ITD settles on three options to solve I-15/US 20 congestion
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IDAHO FALLS — It’s going to be at least seven years before construction begins to fix the Interstate 15 and U.S. Highway 20 interchange.
A proposal to realign Highway 20 to resolve current congestion issues at the interchange is causing homeowners in the area concern. However, that proposal is only one of three being considered, and the Idaho Transportation Department it is still gathering information. Nothing has been decided yet.
“The earliest you’d see construction on any of these projects is 2026,” ITD project manager Ryan Day told EastIdahoNews.com.
A letter concerning that proposal, called Alternative H, is circulating among residents who would be affected if ITD adopts that option.
Alternative H realigns U.S. 20 to the north. This would cause U.S. 20 to cross 5th East/Lewisville Highway, 5th West/East River road and pass next to Fairway Estates.
“Many of our neighbors on 5th West would lose their homes. All residents will be subject to years of construction, road noise, busy traffic, significant loss of property values and our quiet country neighborhoods would become a hub for a major five-lane highway,” the letter states.
Day acknowledged there are pros and cons to each of the different options.
“All three of the current build options are good, solid options to be built. The pros and cons to some of them impact more business. … Some negatively affect farmland. But every one of them addresses our mobility issues and our safety issues that we’re so concerned with,” he said.
He said ITD wants feedback on the three different interchange solutions. The department created a website detailing the project and offering a place for people to offer their thoughts. To visit the site, click here.
Day said officials hope to conclude this first phase of information gathering sometime this fall or winter. Once that is done, there are still years worth of items that have to happen before construction begins, and all of that is contingent on if funds are available.
The next phase of the project is beginning the National Environmental Policy Act review process. NEPA is meant to ensure the decisions made projects like the I-15 and U.S. 20 interchange are environmentally sound.
“We’d hold public hearings, continue to gather information and we would start acquiring environmental documents. At that point, it would take a minimum of two years to get through the NEPA process. Then we’d have to design the project,” Day explained.
On May 16, ITD conducted its third public hearing. That public hearing is available online. People can comment on the information provided in the hearing through June 14.
Here are the three interchange options:
Alternative C would add lanes to separate the through-traffic from the local traffic between the interchange. It would require new retaining walls and bridges.
- Features & Benefits
- Reduces weaving concerns between I-15, exits 118 and 119 by providing direct ramp connections from I-15 south of exit 118 to U.S. 20.
- Adds a new river crossing to the north at Higham Street for local street connectivity.
- Provides opportunities to develop pedestrian and bicycle connections between I-15 and U.S. 20.
- Separates the local and through traffic between exit 118 through City Center/Riverside exit 308.
- Eliminates U.S. 20, exit 307, at Lindsay Boulevard which will impact direct access from U.S. 20 to area hotels.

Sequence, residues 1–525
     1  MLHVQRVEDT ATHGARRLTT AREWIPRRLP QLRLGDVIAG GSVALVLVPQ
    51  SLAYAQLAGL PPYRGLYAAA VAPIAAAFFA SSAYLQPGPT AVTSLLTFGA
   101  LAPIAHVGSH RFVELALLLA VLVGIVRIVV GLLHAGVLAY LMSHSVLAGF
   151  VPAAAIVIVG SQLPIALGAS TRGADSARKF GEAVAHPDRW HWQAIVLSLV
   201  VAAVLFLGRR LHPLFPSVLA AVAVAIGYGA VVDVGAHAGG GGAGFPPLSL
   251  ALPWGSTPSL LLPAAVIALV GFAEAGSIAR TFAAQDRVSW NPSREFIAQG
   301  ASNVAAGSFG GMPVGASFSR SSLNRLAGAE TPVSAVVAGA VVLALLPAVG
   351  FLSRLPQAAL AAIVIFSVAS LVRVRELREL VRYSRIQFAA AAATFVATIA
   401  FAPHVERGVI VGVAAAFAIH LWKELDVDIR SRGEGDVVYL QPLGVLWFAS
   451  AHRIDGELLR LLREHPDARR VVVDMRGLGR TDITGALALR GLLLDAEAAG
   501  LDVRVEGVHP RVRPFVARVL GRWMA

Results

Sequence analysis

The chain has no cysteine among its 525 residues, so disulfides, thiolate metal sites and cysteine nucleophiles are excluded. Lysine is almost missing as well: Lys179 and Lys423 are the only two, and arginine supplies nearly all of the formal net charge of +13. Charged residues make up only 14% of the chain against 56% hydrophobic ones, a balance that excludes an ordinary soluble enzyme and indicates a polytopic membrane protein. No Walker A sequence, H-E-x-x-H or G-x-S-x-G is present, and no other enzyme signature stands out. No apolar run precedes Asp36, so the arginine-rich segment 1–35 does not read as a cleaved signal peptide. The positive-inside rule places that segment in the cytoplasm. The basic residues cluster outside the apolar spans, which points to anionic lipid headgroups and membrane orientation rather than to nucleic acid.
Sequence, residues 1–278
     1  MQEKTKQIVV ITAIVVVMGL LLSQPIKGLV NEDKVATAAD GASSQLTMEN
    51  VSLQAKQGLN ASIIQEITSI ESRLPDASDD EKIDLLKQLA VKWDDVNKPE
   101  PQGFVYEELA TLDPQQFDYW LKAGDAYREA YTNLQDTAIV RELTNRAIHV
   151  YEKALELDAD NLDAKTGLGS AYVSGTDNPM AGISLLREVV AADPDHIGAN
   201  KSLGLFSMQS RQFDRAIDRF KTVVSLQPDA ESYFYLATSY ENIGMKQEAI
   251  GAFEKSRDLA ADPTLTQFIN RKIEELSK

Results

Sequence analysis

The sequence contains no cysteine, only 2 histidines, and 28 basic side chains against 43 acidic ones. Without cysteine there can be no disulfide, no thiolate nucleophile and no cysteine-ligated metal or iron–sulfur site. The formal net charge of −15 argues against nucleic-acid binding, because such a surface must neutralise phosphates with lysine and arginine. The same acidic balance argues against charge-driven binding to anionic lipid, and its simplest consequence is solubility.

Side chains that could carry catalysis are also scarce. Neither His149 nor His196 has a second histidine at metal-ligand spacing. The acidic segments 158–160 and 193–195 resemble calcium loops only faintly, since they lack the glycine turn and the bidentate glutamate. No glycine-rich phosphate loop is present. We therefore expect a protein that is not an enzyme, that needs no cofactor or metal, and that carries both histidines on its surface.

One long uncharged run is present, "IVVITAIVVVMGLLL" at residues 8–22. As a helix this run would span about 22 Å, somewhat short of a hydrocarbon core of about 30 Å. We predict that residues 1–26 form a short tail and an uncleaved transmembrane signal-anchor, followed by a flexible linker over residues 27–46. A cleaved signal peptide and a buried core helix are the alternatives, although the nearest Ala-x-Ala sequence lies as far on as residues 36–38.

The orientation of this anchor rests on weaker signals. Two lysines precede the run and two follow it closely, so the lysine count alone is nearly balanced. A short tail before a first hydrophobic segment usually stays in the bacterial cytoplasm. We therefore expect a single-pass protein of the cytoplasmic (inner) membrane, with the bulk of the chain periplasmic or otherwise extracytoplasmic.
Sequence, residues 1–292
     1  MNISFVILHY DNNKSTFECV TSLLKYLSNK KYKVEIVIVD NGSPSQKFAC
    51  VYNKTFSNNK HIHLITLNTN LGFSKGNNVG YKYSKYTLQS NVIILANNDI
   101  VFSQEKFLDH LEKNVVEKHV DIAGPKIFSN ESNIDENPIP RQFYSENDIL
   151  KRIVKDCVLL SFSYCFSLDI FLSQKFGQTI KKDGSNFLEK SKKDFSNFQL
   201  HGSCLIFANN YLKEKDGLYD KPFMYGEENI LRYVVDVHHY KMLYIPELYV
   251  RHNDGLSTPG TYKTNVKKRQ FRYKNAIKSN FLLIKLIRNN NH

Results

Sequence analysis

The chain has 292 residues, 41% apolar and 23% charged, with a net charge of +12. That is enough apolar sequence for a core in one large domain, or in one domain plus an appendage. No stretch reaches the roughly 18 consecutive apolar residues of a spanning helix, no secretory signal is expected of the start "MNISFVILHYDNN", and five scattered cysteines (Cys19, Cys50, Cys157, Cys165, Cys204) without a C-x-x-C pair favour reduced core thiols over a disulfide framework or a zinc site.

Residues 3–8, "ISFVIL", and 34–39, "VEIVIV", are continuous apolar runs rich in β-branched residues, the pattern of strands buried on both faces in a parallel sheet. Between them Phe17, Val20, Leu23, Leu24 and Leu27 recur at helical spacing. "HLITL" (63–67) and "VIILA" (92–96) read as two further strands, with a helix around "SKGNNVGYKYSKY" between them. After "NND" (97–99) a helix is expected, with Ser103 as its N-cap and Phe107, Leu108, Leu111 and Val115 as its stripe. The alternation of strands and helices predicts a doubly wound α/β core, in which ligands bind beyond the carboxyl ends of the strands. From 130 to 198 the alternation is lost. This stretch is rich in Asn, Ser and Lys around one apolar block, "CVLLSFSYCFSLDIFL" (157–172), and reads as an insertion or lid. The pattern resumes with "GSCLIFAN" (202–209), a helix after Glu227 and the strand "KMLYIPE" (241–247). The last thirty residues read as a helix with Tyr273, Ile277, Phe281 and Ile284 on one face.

- Elevated structures and new bridges are required.
- Could impact Temple View Elementary School, Antares Park and the surrounding neighborhood as well as neighborhoods east of Snake River.
- Could impact traffic during construction as it reconstructs much of the existing roadways.
- Weave with the merge of the direct ramps near Science Center will be a challenge.
Alternative E moves the existing I-15 interchange exit 119 closer to the airport. It would require adding separated through lanes and frontage roads as well as the conversion of the existing U.S. 20 Grandview roadway to a local street.
- Features & Benefits
- Removes weaving concerns between I-15, exits 118 and 119, by connecting them with direct access ramps and realigning U.S. 20 to the north.
- Moves regional traffic from I-15 through direct access ramps that lead to and from U.S. 20.
- Provides direct access from I-15 via a new interchange near the Idaho Falls Airport.
- There are impacts to industrial areas near the airport, residential areas, Freeman Park and a church.
- May not resolve the congestion issues on I-15 due to the proximity of exit 119 at Grandview Drive from the new airport interchange.
Alternative H realigns U.S. 20 to the north and provides a connection to U.S. 26 at East 49th North. Existing U.S. 20 between Johns Hole and East 49th North would require changes to convert it to a local street.
- Realigns U.S. 20 to the north of downtown Idaho Falls, providing for a new connection to U.S. 26, and allowing regional traffic a direct connection.
- Improves the interchanges in town, including converting I-15, exits 118 and 119 to a split diamond interchange to remove weaving and backup on I-15.
- Converts current U.S. 20 to a local street.
- Allows for building in phases with the realigned U.S. 20 and connection to I-15 first, followed by the split diamond interchange improvements to exits 118 and 119 and then the connection to U.S. 26 to be built later when appropriate.
- Potentially reduces the length and severity of the delays and impacts to the traveling public during construction by mostly building off the existing roadway alignments.
- Alignment goes through a landfill, which would require mitigation.
- Impacts to farmland and adjacent neighborhoods